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To compute the determinant of a square matrix numerically, use
the `numeric::det`

function.
For example, compute the determinant of the 5
×5 Pascal matrix:

numeric::det(linalg::pascal(5))

When you use numeric functions, the result can be extremely
sensitive to roundoff errors. For example, the determinant of a Pascal
matrix of any size is 1. However, if you use the `numeric::det`

function to compute the
determinant of a 25×25 Pascal
matrix, you get the following incorrect result:

numeric::det(linalg::pascal(15))

When computing determinants numerically, you can use the `HardwareFloats`

and `SoftwareFloats`

options
to employ the hardware or software float arithmetic, respectively.
(You can use the short names for these options: `Hard`

and `Soft`

.)

When you use the `HardwareFloats`

option, MuPAD^{®} converts
all input data to hardware floating-point numbers, and passes the
data for processing by compiled C code outside of the MuPAD session.
Then, the results get back into the MuPAD session. Hardware arithmetic
often allows you to perform computations much faster than software
arithmetic, which uses the MuPAD kernel for performing computations.

The precision of hardware arithmetic is limited to about 15
digits. By default, the `numeric::det`

function
uses the `HardwareFloats`

option. The function switches
to software arithmetic under one or more of the following conditions:

You use the

`SoftwareFloats`

option or the`MinorExpansion`

option explicitly.The current value of

`DIGITS`

is larger than 15.The input data or computed data involves numbers that are larger than 10

^{308}or smaller than 10^{- 308}. Hardware floats cannot represent such numbers.

The precision of hardware and software arithmetic can differ.
Therefore, the results obtained with the `HardwareFloats`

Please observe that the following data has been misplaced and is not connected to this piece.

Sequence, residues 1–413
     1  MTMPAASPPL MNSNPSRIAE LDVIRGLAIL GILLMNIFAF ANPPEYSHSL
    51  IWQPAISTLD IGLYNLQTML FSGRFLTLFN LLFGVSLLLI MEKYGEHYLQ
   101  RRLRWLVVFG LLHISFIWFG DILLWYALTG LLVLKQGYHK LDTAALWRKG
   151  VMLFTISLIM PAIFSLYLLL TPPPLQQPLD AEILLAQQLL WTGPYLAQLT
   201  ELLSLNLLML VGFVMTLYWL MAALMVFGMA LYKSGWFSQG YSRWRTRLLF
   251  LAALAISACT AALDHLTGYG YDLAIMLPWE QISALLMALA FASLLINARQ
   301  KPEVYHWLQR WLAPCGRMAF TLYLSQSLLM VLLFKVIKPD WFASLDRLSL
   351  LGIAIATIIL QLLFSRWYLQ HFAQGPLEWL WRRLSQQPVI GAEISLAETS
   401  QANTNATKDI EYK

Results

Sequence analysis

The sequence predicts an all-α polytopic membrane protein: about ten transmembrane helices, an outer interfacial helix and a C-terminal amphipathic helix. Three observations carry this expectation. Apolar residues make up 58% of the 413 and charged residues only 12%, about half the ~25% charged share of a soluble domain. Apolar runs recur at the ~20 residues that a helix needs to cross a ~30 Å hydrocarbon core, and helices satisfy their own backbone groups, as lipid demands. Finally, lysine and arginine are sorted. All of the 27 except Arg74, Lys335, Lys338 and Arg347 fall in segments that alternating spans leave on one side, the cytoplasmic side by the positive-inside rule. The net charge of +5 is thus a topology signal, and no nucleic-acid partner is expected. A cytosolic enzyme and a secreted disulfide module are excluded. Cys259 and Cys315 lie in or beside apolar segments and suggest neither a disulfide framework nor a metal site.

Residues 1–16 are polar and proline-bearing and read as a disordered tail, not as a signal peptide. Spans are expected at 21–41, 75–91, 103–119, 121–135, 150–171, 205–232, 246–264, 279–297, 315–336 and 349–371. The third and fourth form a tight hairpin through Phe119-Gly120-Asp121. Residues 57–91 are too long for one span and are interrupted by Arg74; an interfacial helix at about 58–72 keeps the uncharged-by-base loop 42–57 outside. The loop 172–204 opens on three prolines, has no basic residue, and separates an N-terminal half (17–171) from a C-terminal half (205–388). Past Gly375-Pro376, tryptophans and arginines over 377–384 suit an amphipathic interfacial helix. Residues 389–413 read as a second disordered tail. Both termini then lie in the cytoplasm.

and `SoftwareFloats`

options
also can differ. For example, compute the determinant of the 25
×25 Pascal matrix using each of the options.
Both numeric results are several orders larger than the correct answer
because of the roundoff errors. However, the result obtained using
software arithmetic is several orders closer to the correct answer:

P := linalg::pascal(25): detP := det(P): float(detP); numeric::det(P, SoftwareFloats); numeric::det(P, HardwareFloats)

Another example of numerically ill-conditioned matrices is the Hilbert matrices. For example, create the 20×20 Hilbert matrix, compute its determinant symbolically, and then approximate the result numerically:

H := linalg::hilbert(15): detH := det(H): float(detH)

Now, use the `numeric::det`

function
to compute the determinant numerically:

numeric::det(H)

The numeric result obtained with the `SoftwareFloats`

option
is closer to the correct result:

numeric::det(linalg::hilbert(15), SoftwareFloats)

To prevent the conversion of input data to floating-point numbers
while using the `numeric::det`

function,
use the `Symbolic`

option. This option allows you
to compute the determinant exactly (without roundoff errors). For
matrices over particular rings and fields, the determinant computed
by `numeric::det`

with
the `Symbolic`

option can differ from the determinant
computed by `det`

.
The reason is that `det`

performs
computations over the component domain of the input matrix. The `numeric::det`

function
with the `Symbolic`

option always performs computations
over the field of arbitrary MuPAD expressions. For example, create
the following matrix over the domain `Dom::IntegerMod(5)`

:

A := Dom::Matrix(Dom::IntegerMod(5))([[1, 2], [3, 4]])

The `det`

function
computes the determinant over the component domain `Dom::IntegerMod(5)`

:

det(A)

The `numeric::det`

function
with the `Symbolic`

option computes the determinant
of the following matrix instead of the original matrix `A`

:

expr(A)

The determinant of this matrix is an integer number:

numeric::det(A, Symbolic)

The `numeric::det`

function
switches to the `Symbolic`

option under one or more
of the following conditions:

You use the

`Symbolic`

option explicitly.The input data contains symbolic objects.

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